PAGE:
Google Tweaks About 1,000 Emojis, To Make Them 'More Universal, Accessible And Authentic'

Google emojis update

Many people use them, but many may not realize that emojis have become an important means of sharing emotion and intention in messaging.

Emojis are those small pictures, the pictograms, or also called logograms, or ideograms. To most people, they are also called "smiley." What came from a Japanese word, has invaded the digital world, populating electronic messages and web pages.

Their popularity stem from the fact that they can be used to fill in emotional cues that otherwise missing.

Because a single picture can mean a thousand words, a single emoji can literally describe a whole meaning or sentence, even without requiring the responder to type a single word.

While new emojis are frequently added to the Unicode Standard, and are typically introduced through OS upgrades, Google thinks that older emojis should also experience redesigning.

In a blog post, Google announced that it has retouched hundreds of the little fun icons — 992 to be exact:

"Other emoji changes are long overdue. This year has been eye-opening, and now, so is the face mask emoji. This emoji originated in Japan, where people regularly wear masks even before the COVID-19 pandemic. Today, masking is a universal way of showing kindness to others."

Google said that more than 3,521 emojis, Google is giving many of them "some love" by making them "more universal, accessible and authentic."

Google is redesigning them to also make the emojis more relevant, and in some cases, also bolder with a more exaggerated look.

This should be helpful considering how small they appear on most screens.

Like for example, the croissant and bacon emoji have more shine to them; the tempura shrimp and rice bowl have colors that are more pronounced; the scissors are having sharper edges; vehicles are made more eye-catching; the bikini no longer looks like it's being worn by an invisible person, and so forth.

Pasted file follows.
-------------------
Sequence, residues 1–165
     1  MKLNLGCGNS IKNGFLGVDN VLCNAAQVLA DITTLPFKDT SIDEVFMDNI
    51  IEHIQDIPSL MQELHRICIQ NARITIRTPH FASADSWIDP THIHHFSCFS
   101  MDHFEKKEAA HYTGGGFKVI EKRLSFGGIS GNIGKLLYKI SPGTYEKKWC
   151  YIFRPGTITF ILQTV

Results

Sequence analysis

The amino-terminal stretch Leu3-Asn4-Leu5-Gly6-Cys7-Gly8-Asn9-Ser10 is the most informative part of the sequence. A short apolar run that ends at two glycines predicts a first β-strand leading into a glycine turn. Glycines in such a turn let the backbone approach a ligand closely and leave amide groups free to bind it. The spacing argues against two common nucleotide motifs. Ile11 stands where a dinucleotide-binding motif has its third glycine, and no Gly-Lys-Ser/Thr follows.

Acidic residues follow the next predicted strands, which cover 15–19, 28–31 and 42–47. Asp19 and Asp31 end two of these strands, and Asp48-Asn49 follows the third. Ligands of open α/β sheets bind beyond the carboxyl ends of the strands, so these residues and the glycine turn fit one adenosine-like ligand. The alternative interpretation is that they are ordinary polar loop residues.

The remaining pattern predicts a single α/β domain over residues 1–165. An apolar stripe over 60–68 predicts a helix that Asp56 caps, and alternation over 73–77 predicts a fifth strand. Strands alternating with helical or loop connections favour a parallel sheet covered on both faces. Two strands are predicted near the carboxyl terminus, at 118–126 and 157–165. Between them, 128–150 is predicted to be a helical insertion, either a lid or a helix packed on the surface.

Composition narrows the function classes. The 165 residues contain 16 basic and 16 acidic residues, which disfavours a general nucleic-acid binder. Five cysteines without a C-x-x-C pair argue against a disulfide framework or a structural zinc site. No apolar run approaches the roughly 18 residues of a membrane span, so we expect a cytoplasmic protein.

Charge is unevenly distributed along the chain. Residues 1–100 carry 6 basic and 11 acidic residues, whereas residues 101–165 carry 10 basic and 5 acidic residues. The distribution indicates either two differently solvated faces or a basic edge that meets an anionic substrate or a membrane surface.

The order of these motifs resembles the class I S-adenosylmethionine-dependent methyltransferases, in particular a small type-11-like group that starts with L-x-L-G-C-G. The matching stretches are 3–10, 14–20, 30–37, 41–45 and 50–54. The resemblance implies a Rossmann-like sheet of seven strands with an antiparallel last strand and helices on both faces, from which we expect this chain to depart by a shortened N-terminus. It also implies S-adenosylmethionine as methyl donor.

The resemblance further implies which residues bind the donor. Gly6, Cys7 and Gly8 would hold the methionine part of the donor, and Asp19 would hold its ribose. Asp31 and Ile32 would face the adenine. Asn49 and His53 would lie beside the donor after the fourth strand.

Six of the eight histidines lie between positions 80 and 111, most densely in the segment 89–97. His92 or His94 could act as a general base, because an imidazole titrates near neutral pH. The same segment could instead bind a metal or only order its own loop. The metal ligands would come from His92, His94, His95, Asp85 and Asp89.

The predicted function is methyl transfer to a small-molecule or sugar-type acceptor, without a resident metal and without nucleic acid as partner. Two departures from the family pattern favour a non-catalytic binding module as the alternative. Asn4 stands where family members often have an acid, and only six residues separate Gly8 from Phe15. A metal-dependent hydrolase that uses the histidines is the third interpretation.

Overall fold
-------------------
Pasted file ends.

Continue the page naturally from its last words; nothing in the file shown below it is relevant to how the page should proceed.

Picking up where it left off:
And probably the most notable in this 'COVID-19' coronavirus era, Google has updated the face mask emoji to have its eyes open. This makes the emoji capable of representing someone who is healthy, but wears a face mask, as oppose of someone using a face mask because of being sick.

Google said that it made this change to reflect the fact that face masks have become “a universal way of showing kindness to others,” rather than a symbol of someone being sick.

"Emoji have a global audience and it’s important for them to be globally relevant. Pie emoji is a curious one — it previously looked like a very specific American pumpkin pie (a family favorite!). Now it’s something everyone recognizes. I could crack a joke about how there’s more food to go around but it's not really a joke: This minor change means this one emoji can represent a whole host of pies — apple pie, blueberry pie, strawberry pie, cherry pie, chicken pot pie, beef and mushroom…the list goes on."
Face mask emoji

Google has been working to bring this, while also making the font file that houses new emojis updatable without requiring users to update their Android.

According to Google, all apps that support the Appcompat library should be able to get the latest emoji updates from Google, no matter how old the phone is, hinting that it's a feature for Android 12..

Appcompat is like an upgrade for the EmojiCompat, which worked on API level 19 or Android 4.4 and above. EmojiCompat allows Android to update its list of emojis, but unlike Appcompat, it doesn't allow a global update, meaning that not all apps can benefit from its presence.

Another way of saying it, Google wants to totally decouple emojis from Android's system.

Google is able to do this because emojis are considered fonts, and fonts can be made updateable through Android's data partition.

And with this announcement, Google not only brings the redesigned emojis to Android, as it is also making them available on other Google platforms like Gmail, Chrome OS, Google Chat, and YouTube Live Chat.

It should be noted that none of these changes are particularly drastic, and are considered a tweak that is long overdue. Google does the changes to correct inaccuracies or reflect changing cultural assumptions about how they’re used, just ahead of the World Emoji Day.